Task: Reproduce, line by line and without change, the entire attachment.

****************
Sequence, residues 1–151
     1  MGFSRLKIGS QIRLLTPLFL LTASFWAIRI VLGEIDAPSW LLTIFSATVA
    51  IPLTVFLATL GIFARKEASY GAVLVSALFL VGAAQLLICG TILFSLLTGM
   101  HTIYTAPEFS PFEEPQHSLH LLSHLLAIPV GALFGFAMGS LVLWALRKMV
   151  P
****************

Sequence, residues 1–151
     1  MGFSRLKIGS QIRLLTPLFL LTASFWAIRI VLGEIDAPSW LLTIFSATVA
    51  IPLTVFLATL GIFARKEASY GAVLVSALFL VGAAQLLICG TILFSLLTGM
   101  HTIYTAPEFS PFEEPQHSLH LLSHLLAIPV GALFGFAMGS LVLWALRKMV
   151  P